Wednesday, June 6, 2007

Terrible Ironies: The Case for Trade

One of the terrible ironies of our time is that well meaning people often fight against the very things that could help make life better for the millions who live in poverty. There is probably no better example of this then the case of trade.

There are two main reasons that people object to trade. The grim reality is that there are huge differences in working conditions and wages between the rich world and the poor. Many people feel that there is something fundamentally unfair when people who make $40,000 dollars a year buy goods made by people who earn $1000.00 a year. Other people fear that they won't be able to compete with people who earn so much less. Both arguments are wrong.

Assume that in Fruitville, for every year of labor a farmer can create 2 tons of corn, or 10 tons of fruit. Assume that in Cornville, a farmer can produce 20 tons of corn or 4 tons of fruit every year.

Fruitville: 2 tons of corn per farmer, 10 tons of fruit per farmer
Cornville: 20 tons of corn per farmer, 4 tons of fruit per farmer

Imagine that the towns require 100 tons each of corn and fruit. Here is how many farmers are needed.

Fruitville: 50 corn farmers, 10 fruit farmers = 100 tons
Cornville: 5 corn farmers, 25 fruit farmers = 100 tons

Clearly Cornville is a little richer then Fruitville since it has only half as many people working in agriculture. But look at what happens when we open up trade between the two.

Fruitville 20 fruit farmers = 200 fruit
Cornville 10 corn farmers = 200 corn

There is still enough food to go around, but there are much fewer people needed to create it.

But what about the case of Poorville vs Richville? Poorville is a bunch of substance farmers. They grow 1 ton of corn and 2 tons of fruit per year. Richville is a big industrialized area, and grows 50 tons of corn and 25 tons of fruit per year. If Poorville is worse at everything, won't it be bad for them to trade with Richville?

Poorville 1 ton of corn per farmer, 2 tons of fruit per farmer
Richville 50 tons of corn per farmer, 25 tons of fruit per farmer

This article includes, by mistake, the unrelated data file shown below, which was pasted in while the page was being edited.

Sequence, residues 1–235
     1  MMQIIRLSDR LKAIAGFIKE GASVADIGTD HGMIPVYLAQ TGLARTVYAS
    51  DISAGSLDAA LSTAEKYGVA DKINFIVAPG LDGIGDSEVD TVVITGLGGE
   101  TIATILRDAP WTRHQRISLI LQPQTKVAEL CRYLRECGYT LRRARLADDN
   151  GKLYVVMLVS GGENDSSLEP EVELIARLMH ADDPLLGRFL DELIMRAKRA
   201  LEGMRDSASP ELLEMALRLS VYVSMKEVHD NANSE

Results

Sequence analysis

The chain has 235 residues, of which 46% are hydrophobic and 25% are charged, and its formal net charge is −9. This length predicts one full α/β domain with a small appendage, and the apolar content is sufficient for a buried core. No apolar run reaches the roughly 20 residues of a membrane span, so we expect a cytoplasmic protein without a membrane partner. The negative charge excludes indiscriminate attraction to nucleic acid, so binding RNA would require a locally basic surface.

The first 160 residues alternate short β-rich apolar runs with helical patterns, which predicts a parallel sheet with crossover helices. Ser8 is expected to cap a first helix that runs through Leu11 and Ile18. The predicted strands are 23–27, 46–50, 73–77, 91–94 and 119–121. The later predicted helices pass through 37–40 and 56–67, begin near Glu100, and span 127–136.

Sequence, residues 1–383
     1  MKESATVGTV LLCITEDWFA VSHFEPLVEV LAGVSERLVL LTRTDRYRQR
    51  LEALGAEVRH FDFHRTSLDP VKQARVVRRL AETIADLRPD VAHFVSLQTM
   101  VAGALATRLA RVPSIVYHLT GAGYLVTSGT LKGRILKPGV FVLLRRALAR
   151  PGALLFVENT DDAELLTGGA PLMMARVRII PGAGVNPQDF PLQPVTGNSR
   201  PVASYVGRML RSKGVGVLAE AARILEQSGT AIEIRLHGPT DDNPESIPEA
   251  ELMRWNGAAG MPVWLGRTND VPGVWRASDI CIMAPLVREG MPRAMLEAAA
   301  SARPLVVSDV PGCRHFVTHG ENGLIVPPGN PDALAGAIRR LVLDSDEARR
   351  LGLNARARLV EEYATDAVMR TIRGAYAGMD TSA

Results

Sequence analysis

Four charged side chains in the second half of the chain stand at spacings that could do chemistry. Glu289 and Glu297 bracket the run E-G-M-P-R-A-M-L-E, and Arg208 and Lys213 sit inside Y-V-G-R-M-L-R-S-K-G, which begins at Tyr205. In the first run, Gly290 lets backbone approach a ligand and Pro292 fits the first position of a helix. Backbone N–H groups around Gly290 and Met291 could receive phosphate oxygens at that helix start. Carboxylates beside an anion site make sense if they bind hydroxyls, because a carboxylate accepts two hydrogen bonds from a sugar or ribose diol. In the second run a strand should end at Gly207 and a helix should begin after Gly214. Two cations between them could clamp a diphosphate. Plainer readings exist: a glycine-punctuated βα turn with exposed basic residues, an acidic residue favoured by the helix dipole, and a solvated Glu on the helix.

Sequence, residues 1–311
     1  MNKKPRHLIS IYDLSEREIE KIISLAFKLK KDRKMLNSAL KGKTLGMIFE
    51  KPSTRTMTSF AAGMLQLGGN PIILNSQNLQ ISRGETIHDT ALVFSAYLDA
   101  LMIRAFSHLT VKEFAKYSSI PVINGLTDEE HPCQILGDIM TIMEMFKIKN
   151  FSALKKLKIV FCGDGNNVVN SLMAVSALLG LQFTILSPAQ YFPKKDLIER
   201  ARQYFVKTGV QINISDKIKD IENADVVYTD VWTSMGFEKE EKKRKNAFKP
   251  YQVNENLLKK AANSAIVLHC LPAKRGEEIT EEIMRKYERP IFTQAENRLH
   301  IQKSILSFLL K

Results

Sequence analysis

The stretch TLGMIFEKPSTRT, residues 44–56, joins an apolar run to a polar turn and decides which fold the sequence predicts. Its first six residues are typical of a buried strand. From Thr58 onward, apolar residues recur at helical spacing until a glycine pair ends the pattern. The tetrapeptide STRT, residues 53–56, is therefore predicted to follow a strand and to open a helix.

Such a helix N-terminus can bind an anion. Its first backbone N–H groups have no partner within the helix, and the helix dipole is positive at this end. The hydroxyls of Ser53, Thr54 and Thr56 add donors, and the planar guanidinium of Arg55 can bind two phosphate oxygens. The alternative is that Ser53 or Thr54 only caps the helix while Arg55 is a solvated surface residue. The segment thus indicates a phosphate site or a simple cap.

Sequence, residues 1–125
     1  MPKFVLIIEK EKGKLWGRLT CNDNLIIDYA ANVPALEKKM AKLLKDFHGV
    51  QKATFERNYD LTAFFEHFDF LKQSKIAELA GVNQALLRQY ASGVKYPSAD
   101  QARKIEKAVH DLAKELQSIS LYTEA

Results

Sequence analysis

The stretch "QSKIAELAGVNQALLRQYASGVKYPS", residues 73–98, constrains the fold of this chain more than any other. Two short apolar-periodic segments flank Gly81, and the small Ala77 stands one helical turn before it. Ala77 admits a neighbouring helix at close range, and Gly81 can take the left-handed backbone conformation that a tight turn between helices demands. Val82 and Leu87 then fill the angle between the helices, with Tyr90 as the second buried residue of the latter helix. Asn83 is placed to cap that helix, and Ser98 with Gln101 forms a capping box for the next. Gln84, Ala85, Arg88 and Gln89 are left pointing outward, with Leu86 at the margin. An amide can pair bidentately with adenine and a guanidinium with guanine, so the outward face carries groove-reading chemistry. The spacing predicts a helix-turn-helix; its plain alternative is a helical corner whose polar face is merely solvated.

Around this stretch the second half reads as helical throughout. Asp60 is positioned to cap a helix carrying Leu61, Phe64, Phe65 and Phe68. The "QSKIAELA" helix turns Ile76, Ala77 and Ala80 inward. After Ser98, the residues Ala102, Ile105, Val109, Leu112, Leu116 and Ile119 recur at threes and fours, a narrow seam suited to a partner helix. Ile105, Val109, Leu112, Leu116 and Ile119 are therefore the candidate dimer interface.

Poorville 100 corn farmers, 50 fruit farmers
Richville 2 corn farmers, 4 fruit farmers

Again, lets see what happens when we open up trade.

Poorville 0 corn farmers, 100 fruit farmers = 200 fruit
Richville 4 corn farmers, 0 fruit farmers =200 corn

Once more we can produce the same amount of food with much less labor. As an added benefit we also protect the environment since the likely reason that Poorville produces so little corn is that they are growing it on marginal lands that are destroyed quickly by agriculture.

But what about all the unemployed farmers? It's a good point and one of the biggest reasons why people fear trade. The corn farmers in Fruitville and the fruit farmers in Cornville can see what is going to happen to them, and social activists can see what is going to happen to the corn farmers in Poorville. The reality is that the adjustment will be hard for many people. But that doesn't change the fact that for society as a whole the adjustment is a good thing.

The reason is that farming isn't the only job that exists. The number of possible jobs is limited only by our imaginations. When we find a more efficient way of doing something it frees up people to work in new areas. Sewing machines, cars, computers, and email all cost people their jobs. But by allowing us to do more for less these technologies created new jobs that could never have been imagined. How many web designers were there in 1990?

In a healthy economy there will always be some unemployement as people move from old inefficient industries to newer, more efficient ones. Nowhere is this more visible then in agriculture. Yet this movement is what makes the economy bigger and makes us richer.

If everyone is working in agriculture there is no hope of progress because everyone is tied to the land. In many countries children can't complete school because they are needed on the fields to help feed their families. Trade give countries the opportunity to free resources to do other things. People migrate from the farms into jobs in teaching, road building, truck driving, and eventually information technology.

We lament the jobs lost to trade and new technologies because it is so hard to see the gains in other areas. We see the farmer who is now unemployed and too old to learn new skills, but we don't see his kids who left the farm to get a teaching diploma. The reality of it is that trade is the fastest way to create growth, because it allows everyone to do what they are best at. There will be jobs lost to trade, and it will be hard on some people, but the alternative is a continuation of the status quo. If we are really worried about the people who will be effected, we should offer them support and training instead of trying to hold back entire economies to protect dead-end jobs.

For thousands of years trade has created wealth. If we really care about the poor, we should make it as easy as possible for them to sell their goods to us. It is immoral to do otherwise. It is so terribly sad that the people who protest trade agreements do not know the harm they cause.

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